Men's draw at US Open is decimation row

Helene Elliott, Los Angeles Times on

Published in Tennis

NEW YORK -- One player's misfortune can be another's happy opportunity. With injuries forcing five of the top 11 ranked men's players out of the U.S. Open, there will be many chances for up-and-comers to make impressions when tennis' noisiest and brashest Grand Slam begins here on Monday.

But anyone with title aspirations likely will have to get past No. 1 seed Rafael Nadal or No. 3 Roger Federer, who have monopolized the first three Grand Slam championships this year after overcoming their own injury woes. Nadal, 31, won his 10th French Open title and recently regained the world No. 1 ranking; Federer, 36, didn't play in New York last year because of a left knee injury and has had a sore back, but he won the Australian and Wimbledon titles and ranks No. 3 in the world.

"When somebody is injured, somebody else wins. We saw that last year, you know, when Rafa and me weren't around, somebody else stepped up," Federer, who will open on Tuesday against American Frances Tiafoe, said last week. "Always it seems somebody takes advantage of the fact, and that some players are not around. Yeah, then you have got to be in the right place at the right time and be healthy and fresh and all that."

No. 2 seed Andy Murray, who has struggled with a hip injury since the French Open, pulled out Saturday. He joined 2016 U.S. Open champion Stan Wawrinka (wrist surgery) and 2016 runner-up Novak Djokovic (elbow), as well as Kei Nishikori (wrist) and Milos Raonic (wrist).

"Don't forget that we are not 21 anymore. That's something that can happen," Nadal said of the swath of injuries. "Stan is 32, you know, I think. I am 31 and a half almost. Novak is 30. Andy is 30. Yeah, we are not that young anymore, so it's normal that we had some things."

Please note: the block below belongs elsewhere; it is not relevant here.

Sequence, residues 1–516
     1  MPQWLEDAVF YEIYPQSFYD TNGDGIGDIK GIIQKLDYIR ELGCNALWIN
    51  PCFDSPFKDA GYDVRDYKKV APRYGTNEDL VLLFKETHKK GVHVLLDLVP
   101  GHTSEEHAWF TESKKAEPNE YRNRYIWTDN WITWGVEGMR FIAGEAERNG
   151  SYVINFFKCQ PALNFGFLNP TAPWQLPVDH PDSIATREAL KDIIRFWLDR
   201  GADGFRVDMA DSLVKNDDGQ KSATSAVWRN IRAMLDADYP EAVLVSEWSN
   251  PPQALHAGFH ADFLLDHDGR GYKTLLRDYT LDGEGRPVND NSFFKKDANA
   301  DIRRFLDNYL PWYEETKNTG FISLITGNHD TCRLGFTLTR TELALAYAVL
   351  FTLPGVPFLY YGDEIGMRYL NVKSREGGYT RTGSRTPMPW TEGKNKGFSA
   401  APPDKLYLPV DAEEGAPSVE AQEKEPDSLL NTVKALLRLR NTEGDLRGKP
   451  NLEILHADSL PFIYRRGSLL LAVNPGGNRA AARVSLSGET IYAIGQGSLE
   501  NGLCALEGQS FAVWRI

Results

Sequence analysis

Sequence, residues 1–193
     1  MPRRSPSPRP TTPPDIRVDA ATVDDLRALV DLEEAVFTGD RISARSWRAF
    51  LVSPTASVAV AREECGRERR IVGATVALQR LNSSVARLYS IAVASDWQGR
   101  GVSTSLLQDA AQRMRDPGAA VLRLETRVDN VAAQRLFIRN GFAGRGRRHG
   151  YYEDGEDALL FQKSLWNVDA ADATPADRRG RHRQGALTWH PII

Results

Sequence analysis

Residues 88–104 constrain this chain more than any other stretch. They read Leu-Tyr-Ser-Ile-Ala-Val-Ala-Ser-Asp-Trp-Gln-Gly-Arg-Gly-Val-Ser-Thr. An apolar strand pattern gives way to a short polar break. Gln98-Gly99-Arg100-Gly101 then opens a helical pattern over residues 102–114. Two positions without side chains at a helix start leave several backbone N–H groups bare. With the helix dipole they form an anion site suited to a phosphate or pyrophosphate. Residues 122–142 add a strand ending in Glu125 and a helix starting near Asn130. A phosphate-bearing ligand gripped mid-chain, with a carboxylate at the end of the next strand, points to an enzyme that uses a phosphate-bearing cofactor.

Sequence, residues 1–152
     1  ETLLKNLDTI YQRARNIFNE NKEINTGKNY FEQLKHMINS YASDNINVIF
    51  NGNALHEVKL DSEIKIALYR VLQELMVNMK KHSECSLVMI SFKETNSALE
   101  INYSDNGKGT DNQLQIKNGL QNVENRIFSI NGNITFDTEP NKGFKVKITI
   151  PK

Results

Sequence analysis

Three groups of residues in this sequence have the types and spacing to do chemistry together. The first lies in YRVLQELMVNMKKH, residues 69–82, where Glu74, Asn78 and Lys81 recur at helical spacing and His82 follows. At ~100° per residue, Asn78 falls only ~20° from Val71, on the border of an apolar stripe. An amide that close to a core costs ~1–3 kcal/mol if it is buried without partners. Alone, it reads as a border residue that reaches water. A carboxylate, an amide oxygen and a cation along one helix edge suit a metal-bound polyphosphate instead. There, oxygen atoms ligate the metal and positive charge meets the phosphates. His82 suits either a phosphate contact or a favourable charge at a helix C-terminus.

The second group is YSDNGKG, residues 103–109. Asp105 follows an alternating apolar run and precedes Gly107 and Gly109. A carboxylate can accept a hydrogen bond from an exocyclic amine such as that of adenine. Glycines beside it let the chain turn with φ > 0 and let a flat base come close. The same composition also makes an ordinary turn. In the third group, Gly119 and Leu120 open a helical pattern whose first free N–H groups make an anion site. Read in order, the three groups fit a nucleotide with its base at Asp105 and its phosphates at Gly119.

Federer and Nadal, incidentally, are on the same side of the draw and could potentially meet in the semifinals. Remarkably, they've never faced each other in the U.S. Open.

No. 4 Alexander Zverev of Germany, who defeated Federer in the Rogers Cup tournament in Montreal two weeks ago, and No. 7 Grigor Dimitrov of Bulgaria, who won at Cincinnati last week, are expected to vie for the spotlight here. Mercurial No. 14 Nick Kyrgios of Australia, who defeated Nadal en route to the Cincinnati hard-court final, has the talent to thrive but has lacked the discipline to stay on track.

The most significant absence on the women's side will be six-time U.S. Open champion and 23-time Grand Slam winner Serena Williams, who is awaiting the birth of her first child. In addition, two-time Grand Slam winner and two-time U.S. Open finalist Victoria Azarenka is embroiled in custody dispute and has said she's unwilling to leave her young son behind in California, and 2011 U.S. Open champion Samantha Stosur withdrew because of a fractured right hand.

Karolina Pliskova of the Czech Republic, ranked No. 1 in the world and seeded No. 1, has never won a Grand Slam but was the runner-up to Angelique Kerber here last year. No. 2 Simona Halep of Romania has reached at least the quarterfinals of her last 10 tournaments but couldn't seize the moment on three occasions this year when she needed one win to earn the No. 1 world ranking. Head games overpowered her tennis game, leading her to decide she must ignore the rankings and simply play. She's one of eight women who could hold the No. 1 spot after the Open.

"I'm not thinking anymore. It was enough. I thought about it too much, I think, and maybe the pressure came in important moments, so now is gone," she said. "Everyone can take the No. 1, and if it's gonna happen, I will deserve it. If not, no, we will see."


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